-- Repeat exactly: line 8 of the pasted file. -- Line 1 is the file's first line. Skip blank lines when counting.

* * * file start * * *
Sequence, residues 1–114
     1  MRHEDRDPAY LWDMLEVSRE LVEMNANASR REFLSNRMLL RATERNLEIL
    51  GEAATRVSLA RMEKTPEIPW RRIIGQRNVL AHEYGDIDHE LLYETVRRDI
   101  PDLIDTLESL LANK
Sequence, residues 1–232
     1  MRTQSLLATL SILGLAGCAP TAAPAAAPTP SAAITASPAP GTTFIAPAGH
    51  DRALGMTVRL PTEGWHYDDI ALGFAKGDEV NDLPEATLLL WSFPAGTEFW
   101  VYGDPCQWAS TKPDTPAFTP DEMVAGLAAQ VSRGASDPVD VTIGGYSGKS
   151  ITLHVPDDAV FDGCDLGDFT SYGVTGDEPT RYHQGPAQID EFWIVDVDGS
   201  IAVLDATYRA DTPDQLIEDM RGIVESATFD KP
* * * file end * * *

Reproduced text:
   101  VYGDPCQWAS TKPDTPAFTP DEMVAGLAAQ VSRGASDPVD VTIGGYSGKS